Optical microscopy is over 400 years old, and in that time, it has come a long way. There are many variations of microscopes both in the selection of lenses, lighting, and other tricks to allow an instrument to coax out more information about a sample.
One proven way to increase the resolving power of a microscope is oil immersion. The sample and the lens are placed in oil that is transparent and has a high refractive index. This prevents light from refracting at the air-coverslip interface, improving the microscope’s overall performance.
The University of New South Wales has a lab that uses such a microscope. They use a special (and expensive) chamber to hold down the glass coverslip and contain the oil. The problem? At nearly $400 a pop, the chambers are a constant expense to replace, and they are not flexible enough to handle custom size requirements.
[Ben Goodnow], a first year student at the university, applied his 3D printing and laser cutting know-how to design and build a suitable chamber that costs much less and can be adapted to different projects. In addition to all the design files on GitHub, there’s also a document (PDF) that describes the design iterations and the total cost savings.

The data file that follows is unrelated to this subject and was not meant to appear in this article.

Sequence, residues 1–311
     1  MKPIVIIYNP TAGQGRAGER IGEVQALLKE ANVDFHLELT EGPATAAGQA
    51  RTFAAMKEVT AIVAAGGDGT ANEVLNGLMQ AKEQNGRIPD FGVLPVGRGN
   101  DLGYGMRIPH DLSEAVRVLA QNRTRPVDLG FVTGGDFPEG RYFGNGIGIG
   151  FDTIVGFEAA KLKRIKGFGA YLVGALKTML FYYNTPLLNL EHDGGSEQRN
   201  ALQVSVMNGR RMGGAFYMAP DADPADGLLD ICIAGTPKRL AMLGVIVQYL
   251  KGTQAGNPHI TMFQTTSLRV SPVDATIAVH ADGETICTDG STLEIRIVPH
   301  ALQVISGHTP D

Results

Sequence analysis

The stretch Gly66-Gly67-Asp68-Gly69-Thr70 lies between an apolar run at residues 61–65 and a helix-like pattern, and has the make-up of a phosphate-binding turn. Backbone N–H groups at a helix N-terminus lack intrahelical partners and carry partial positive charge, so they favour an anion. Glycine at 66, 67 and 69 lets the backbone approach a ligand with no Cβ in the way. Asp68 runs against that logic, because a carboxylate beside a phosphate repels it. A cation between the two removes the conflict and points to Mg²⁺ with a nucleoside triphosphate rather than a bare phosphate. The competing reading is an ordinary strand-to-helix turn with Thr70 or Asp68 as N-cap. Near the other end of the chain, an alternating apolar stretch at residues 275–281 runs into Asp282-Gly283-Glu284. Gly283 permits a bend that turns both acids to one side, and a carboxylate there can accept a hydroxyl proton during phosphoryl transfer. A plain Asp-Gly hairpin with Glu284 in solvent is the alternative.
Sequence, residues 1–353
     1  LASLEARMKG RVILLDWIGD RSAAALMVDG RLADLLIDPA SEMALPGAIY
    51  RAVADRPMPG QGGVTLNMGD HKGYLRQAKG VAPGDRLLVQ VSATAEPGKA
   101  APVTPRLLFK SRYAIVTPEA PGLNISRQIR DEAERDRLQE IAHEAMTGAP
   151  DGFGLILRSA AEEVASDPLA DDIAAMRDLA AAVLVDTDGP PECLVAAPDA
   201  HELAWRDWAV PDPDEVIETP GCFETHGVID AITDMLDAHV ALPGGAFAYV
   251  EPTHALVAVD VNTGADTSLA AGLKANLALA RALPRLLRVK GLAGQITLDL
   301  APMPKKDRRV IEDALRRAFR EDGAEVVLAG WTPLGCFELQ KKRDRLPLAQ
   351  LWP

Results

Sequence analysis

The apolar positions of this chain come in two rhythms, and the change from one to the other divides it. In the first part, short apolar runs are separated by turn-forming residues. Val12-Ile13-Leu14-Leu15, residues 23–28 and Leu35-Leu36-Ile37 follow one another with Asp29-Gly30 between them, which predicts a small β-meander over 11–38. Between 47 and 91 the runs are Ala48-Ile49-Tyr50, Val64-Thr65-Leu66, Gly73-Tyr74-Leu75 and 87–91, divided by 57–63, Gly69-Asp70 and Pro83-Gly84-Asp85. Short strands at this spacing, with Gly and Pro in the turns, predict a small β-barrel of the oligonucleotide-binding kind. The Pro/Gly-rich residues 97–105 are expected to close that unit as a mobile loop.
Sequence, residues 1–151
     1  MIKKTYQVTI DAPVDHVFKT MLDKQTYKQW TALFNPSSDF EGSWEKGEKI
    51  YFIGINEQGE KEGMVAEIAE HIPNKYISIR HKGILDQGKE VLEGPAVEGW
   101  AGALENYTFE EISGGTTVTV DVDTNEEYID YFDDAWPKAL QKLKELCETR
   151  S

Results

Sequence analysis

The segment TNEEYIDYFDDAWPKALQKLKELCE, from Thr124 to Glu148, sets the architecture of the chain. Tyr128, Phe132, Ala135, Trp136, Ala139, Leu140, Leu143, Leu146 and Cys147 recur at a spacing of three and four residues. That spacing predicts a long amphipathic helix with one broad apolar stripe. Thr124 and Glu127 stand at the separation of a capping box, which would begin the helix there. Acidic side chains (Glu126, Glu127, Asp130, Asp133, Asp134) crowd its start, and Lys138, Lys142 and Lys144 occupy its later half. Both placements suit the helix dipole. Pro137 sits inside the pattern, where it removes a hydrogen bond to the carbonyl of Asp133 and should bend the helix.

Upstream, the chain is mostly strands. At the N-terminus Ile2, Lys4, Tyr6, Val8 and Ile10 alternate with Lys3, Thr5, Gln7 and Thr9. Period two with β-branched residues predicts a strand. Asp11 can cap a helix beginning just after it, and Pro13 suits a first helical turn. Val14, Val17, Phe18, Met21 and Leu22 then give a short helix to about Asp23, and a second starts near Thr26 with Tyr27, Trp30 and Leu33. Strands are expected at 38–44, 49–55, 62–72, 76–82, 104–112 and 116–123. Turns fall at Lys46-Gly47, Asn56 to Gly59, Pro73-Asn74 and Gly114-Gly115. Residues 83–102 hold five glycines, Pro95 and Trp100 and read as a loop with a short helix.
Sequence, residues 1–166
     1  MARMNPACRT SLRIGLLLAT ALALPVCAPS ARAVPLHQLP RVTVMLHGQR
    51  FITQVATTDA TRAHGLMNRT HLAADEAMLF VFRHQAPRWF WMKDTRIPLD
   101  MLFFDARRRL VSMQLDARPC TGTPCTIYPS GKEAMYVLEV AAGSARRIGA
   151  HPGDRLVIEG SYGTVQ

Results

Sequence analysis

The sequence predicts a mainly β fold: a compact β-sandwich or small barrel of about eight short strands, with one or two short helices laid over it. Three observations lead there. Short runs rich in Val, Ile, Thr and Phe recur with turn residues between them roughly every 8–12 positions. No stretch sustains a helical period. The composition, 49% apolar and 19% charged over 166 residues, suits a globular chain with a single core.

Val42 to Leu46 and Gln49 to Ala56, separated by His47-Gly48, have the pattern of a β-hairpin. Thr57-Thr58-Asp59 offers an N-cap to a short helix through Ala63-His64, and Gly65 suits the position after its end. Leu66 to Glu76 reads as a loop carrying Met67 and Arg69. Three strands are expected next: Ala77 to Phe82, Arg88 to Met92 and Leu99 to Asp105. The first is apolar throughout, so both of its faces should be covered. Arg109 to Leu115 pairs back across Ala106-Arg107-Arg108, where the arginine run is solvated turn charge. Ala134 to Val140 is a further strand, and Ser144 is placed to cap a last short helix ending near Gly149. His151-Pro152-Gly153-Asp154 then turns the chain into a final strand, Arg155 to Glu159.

[Dan Royer] explains a simple method to engrave/etch on both sides of a material. This could be useful when you are trying to build enclosures or boxes which might need markings on both sides. There are two hurdles to overcome when doing this. The first is obviously registration. When you flip your job, you want it re-aligned at a known datum/reference point.
The other is your flip axis. If the object is too symmetric, it’s easy to make a mistake here, resulting in mirrored or rotated markings on the other side. Quite simply, [Dan]’s method consists of creating an additional cutting edge around your engraving/cutting job. This outline is such that it provides the required registration and helps flip the job along the desired axis.
You begin by taping down your work piece on the laser bed. Draw a symmetrical shape around the job you want to create in your Laser Cutter software of choice. The shape needs to have just one axis of symmetry – this rules out squares, rectangles or circles – all of which have multiple axes of symmetry. Adding a single small notch in any of these shapes does the trick. Engrave the back side. Then cut the “outside” outline. Lift the job out and flip it over. Engrave the front side. Cut the actual outline of your job and you’re done.